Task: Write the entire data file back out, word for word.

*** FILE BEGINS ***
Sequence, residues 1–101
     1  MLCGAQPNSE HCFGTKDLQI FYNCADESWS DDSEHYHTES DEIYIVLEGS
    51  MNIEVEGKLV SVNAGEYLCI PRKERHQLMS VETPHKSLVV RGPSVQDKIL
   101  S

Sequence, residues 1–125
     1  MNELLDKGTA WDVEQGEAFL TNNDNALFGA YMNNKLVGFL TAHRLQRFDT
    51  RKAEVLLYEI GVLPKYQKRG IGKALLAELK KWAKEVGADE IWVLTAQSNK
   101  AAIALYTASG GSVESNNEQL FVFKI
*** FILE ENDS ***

Sequence, residues 1–101
     1  MLCGAQPNSE HCFGTKDLQI FYNCADESWS DDSEHYHTES DEIYIVLEGS
    51  MNIEVEGKLV SVNAGEYLCI PRKERHQLMS VETPHKSLVV RGPSVQDKIL
   101  S

Sequence, residues 1–125
     1  MNELLDKGTA WDVEQGEAFL TNNDNALFGA YMNNKLVGFL TAHRLQRFDT
    51  RKAEVLLYEI GVLPKYQKRG IGKALLAELK KWAKEVGADE IWVLTAQSNK
   101  AAIALYTASG GSVESNNEQL FVFKI